posted by David Friedman @ 2:07 AM

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Sunday, May 20, 2007

Spurs Withstand Utah's Fourth Quarter Rally, Win Game One, 108-100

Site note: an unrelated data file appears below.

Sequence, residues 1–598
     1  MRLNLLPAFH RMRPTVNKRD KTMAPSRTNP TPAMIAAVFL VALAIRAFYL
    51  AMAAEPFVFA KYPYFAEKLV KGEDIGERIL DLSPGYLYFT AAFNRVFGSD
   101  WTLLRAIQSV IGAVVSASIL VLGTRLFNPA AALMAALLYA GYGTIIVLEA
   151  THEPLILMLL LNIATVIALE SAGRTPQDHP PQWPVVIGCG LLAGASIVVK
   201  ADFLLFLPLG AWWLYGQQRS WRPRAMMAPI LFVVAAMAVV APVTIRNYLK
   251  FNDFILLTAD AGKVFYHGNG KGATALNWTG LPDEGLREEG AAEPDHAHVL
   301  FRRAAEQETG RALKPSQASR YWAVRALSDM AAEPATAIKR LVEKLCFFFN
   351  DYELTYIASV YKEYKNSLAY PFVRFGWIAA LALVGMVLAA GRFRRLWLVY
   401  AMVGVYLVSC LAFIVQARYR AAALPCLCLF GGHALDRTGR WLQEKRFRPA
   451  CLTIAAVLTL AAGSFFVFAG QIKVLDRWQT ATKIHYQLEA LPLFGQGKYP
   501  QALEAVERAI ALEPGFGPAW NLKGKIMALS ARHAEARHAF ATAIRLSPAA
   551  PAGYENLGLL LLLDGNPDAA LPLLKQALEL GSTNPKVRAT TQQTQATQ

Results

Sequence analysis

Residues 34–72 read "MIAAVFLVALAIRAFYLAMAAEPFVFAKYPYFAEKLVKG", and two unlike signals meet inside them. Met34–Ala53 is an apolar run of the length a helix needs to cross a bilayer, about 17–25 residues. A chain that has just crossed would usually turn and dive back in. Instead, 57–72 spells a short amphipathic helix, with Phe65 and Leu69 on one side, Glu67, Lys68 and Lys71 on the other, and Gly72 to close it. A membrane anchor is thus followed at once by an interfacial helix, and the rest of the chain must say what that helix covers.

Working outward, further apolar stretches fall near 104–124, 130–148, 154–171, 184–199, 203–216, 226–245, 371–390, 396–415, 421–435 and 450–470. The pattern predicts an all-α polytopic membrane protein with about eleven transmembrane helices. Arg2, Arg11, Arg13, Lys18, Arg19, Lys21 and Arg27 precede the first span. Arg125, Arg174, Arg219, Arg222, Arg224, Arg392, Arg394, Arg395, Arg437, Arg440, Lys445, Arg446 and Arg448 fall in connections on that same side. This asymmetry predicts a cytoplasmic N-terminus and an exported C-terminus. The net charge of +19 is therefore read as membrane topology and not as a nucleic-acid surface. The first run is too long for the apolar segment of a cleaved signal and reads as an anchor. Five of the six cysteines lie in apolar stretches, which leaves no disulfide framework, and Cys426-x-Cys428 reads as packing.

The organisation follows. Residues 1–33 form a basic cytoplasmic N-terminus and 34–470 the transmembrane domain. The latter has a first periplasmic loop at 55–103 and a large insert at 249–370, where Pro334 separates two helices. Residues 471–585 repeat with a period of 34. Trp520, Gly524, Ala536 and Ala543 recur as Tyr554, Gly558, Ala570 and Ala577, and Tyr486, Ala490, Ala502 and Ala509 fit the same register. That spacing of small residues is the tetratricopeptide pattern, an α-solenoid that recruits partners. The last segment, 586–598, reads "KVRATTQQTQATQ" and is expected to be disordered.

San Antonio completely controlled the first half and held on for a 108-100 win over Utah in Game One of the Western Conference Finals. Tim Duncan produced 27 points, 10 rebounds, five assists and two blocked shots. I think that the opposing team's shooting percentage should be included in his individual stats because he is such an imposing defensive presence; the Jazz shot just .419 from the field and that kind of defensive field goal percentage has been a staple of the Spurs with Gregg Popovich as coach and Tim Duncan in the middle. Manu Ginobili had 23 points and 10 assists, while Tony Parker added 21 points, six assists and three steals. The Spurs also got an unexpected offensive contribution from center Fabricio Oberto, who scored 14 points on 6-8 shooting; he moves well without the ball and received passes from Duncan and Ginobili when the defense focused too closely on them. Deron Williams had 26 of his career-high 34 points in the second half and he also had nine assists and seven rebounds. Carlos Boozer got off to a slow start but still got a double double (20 points, 12 rebounds) despite shooting just 7-17 from the field. ABC analyst Jeff Van Gundy, who of course just coached against Boozer when the Jazz beat the Rockets in the first round, noted that in the second half Boozer made an adjustment and started shooting his faceup jumper as opposed to trying to get all the way to the hoop against the long arms of Duncan and Oberto. One of San Antonio's defensive principles is that if you drive by one 7-footer that you still have to shoot over another one, so Boozer is not going to have quite the same success in the paint that he did against Houston's Yao Ming or against various smaller Golden State defenders; Boozer could drive right past Yao and shoot over the Golden State players in the post but against the Spurs he will need to shoot his midrange jumper effectively. The weirdest stat of the game is that Utah outrebounded San Antonio 48-33. It is not surprising that Utah rebounded well--the Jazz are a great rebounding team--but it is unusual to win the battle of the backboards by that much and still lose.